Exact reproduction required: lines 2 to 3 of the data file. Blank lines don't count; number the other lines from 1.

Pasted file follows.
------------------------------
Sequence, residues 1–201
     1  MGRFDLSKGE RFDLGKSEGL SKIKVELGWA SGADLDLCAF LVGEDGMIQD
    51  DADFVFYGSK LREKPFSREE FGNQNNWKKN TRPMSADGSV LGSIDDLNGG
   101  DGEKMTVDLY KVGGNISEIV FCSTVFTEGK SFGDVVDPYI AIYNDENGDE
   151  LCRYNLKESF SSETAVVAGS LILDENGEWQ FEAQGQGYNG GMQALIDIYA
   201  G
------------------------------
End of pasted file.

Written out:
     1  MGRFDLSKGE RFDLGKSEGL SKIKVELGWA SGADLDLCAF LVGEDGMIQD
    51  DADFVFYGSK LREKPFSREE FGNQNNWKKN TRPMSADGSV LGSIDDLNGG